Anwar unveils plan to raise wages, boost Malaysia’s economy ahead of elections

Key initiatives of the plan include setting up a special financial zone in Johor, a review of minimum wages, and others.

Hazlin Hassan

Hazlin Hassan

The Straits Times


Malaysian Prime Minister Anwar Ibrahim launched the ambitious Madani Economy plan on July 27. PHOTO: BERNAMA

July 28, 2023

KUALA LUMPUR – Ahead of crucial state elections, Prime Minister Anwar Ibrahim on Thursday launched an ambitious economic plan to transform Malaysia into one of the world’s top 30 economies in the next 10 years and uplift the wages and quality of life of its people.

Key initiatives of the Madani Economy plan include setting up a special financial zone in the Iskandar Malaysia region in Johor, a review of minimum wages, bringing more women into the workforce, as well as reducing corruption and reliance on foreign labour.

“It is about elevating the status and dignity of our nation,” said Datuk Seri Anwar at the launch of the framework.

He said the plan had two main focuses – first, to restructure the economy towards “making Malaysia a leader among Asian economies”, and second, to ensure that “the enlarged wealth is benefited equitably by the people”.

He also revealed that RM100 (S$29) in e-wallet credits will be given to all adult Malaysians with an annual income of RM100,000 and below. The move is expected to benefit more than 10 million people. On top of this, some civil servants will get a bonus of RM300, while military veterans and pensioners will receive RM200.

Mr Anwar said the government could afford the handouts because there were more funds than expected when Budget 2023 was tabled, due to the efficiency in revenue collection.

The launch of the Madani Economy plan comes just two days ahead of the start of campaigning for state polls on Aug 12. The elections are widely viewed as a referendum on Mr Anwar’s leadership and his biggest test since last November’s general election led to a hung Parliament and an uneasy alliance between his Pakatan Harapan (PH) and its former rival Barisan Nasional (BN).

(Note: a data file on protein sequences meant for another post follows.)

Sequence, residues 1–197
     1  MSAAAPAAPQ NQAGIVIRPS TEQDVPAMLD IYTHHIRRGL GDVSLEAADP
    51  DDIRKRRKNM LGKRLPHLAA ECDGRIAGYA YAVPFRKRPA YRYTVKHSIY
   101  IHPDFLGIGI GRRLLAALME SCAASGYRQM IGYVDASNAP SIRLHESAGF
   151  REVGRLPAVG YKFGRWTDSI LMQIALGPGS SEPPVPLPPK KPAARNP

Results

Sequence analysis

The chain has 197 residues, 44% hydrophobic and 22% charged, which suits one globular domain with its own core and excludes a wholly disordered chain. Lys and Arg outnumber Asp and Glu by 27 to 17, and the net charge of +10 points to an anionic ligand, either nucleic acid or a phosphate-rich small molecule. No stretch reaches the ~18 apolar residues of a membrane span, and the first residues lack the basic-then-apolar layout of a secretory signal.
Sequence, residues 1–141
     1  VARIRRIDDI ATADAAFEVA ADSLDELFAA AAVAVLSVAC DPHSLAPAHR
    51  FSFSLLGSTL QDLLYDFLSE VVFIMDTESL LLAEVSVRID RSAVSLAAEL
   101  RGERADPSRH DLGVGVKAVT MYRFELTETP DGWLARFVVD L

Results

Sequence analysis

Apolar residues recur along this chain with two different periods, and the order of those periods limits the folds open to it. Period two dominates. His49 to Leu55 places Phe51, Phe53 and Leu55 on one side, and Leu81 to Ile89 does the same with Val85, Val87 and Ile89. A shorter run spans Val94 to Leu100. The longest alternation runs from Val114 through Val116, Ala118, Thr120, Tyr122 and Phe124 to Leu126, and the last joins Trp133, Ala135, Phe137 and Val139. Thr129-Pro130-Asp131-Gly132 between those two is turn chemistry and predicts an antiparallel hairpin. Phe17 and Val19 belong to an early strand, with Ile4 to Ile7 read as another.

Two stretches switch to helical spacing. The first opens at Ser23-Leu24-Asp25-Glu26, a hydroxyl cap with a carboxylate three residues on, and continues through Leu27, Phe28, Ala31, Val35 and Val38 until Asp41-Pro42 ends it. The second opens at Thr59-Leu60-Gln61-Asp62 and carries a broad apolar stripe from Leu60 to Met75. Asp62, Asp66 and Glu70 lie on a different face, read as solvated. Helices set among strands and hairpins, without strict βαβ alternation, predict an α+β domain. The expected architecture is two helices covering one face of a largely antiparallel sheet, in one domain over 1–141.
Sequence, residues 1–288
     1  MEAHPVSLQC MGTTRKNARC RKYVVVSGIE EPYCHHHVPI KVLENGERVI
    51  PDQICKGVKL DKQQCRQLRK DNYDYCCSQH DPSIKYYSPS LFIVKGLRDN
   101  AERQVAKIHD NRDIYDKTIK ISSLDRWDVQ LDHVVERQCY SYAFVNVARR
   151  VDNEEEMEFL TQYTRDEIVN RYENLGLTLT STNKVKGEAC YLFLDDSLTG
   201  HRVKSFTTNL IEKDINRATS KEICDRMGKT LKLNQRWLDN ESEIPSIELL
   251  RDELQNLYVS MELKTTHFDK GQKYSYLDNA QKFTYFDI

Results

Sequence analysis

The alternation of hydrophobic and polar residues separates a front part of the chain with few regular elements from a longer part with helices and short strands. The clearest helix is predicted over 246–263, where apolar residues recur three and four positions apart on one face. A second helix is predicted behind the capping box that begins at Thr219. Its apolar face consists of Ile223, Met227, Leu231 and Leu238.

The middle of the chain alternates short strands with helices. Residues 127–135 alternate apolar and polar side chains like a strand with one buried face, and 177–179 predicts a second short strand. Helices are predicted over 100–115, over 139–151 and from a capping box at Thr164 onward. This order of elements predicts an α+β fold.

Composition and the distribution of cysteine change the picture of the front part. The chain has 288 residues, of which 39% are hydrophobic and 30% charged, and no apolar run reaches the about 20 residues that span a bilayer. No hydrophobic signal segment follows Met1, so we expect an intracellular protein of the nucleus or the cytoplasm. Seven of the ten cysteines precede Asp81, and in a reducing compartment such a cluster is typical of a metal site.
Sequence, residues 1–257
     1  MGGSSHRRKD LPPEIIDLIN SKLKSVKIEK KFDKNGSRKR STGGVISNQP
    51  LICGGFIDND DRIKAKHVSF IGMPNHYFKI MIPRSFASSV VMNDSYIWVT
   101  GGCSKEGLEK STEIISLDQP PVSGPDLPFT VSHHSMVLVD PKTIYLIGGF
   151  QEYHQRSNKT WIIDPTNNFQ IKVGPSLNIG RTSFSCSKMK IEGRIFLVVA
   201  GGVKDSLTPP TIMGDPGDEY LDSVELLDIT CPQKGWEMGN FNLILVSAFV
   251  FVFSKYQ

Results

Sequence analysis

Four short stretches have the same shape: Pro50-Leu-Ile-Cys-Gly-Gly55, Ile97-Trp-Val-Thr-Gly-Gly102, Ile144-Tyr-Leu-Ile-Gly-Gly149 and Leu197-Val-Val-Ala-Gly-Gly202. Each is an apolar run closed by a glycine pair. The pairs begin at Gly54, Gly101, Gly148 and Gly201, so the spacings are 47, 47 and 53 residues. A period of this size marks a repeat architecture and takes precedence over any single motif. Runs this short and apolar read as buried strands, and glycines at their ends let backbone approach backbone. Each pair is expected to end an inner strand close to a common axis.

Mr Anwar is hoping to at least retain the states of Selangor, Negeri Sembilan and Penang, which PH and BN currently govern, in the contest against the conservative, Malay-centric opposition Perikatan Nasional (PN). Led by former premier Muhyiddin Yassin, PN controls Kedah, Kelantan and Terengganu, the other three states holding elections.

Bread-and-butter issues, including inflation and a weak ringgit, have been a key focus for these state elections.

Expanding on his economic vision, Mr Anwar said half of the workers in Malaysia earn less than RM2,250 a month, describing this as “undoubtedly worrisome”.

As part of the Madani plan, he wants 45 per cent of the country’s gross domestic product to come from wages, up from 32.4 per cent in 2022, to be closer to developed economies where wage shares are mostly above half. He also said the government will carry out a review of the minimum wage level and explore the use of a progressive wage model to achieve income growth.

Malaysia must also reduce its dependence on low-skilled foreign labour, which contributes to the overall low wage levels, he added. “The fact is that we are caught in a vicious circle of high costs, low wages, low profits and a lack of competitiveness.”

The government will also provide home loans of up to 120 per cent for houses valued up to RM300,000, to help those who cannot afford to pay deposits, he said.

At the national level, the government will work on attracting companies with tax breaks to create high-income jobs for locals, boost manufacturing, and implement reforms to make its stock markets attractive. A special financial zone will also be set up in the Iskandar Malaysia region in Johor to woo international investors and knowledge workers with tax incentives and fast-track immigration facilities.

Malaysia is currently the world’s 37th-biggest economy based on World Bank data, and ranks 62nd out of 191 countries for its human development index (HDI). The Madani plan seeks to push Malaysia’s HDI ranking into the top 25, said Mr Anwar.

He also wants to increase female labour force participation to 60 per cent from about 53 per cent currently, improve Malaysia’s position in the Corruption Perceptions Index from 61st to the top 25, and achieve a fiscal deficit of 3 per cent or lower. The deficit was 5.6 per cent in 2022.

The government expects the economy to expand from 4 per cent to 5 per cent in 2023, but is aiming to boost growth to 6 per cent in the short term.

“If we are just satisfied with the status quo, it is expected that our economic growth will continue to grow between 4 and 5 per cent,” Mr Anwar said. “However, if we work hard towards implementing reforms, we are more than capable of reaching 5.5 per cent, and I believe it is not impossible to reach even 6 per cent growth.”

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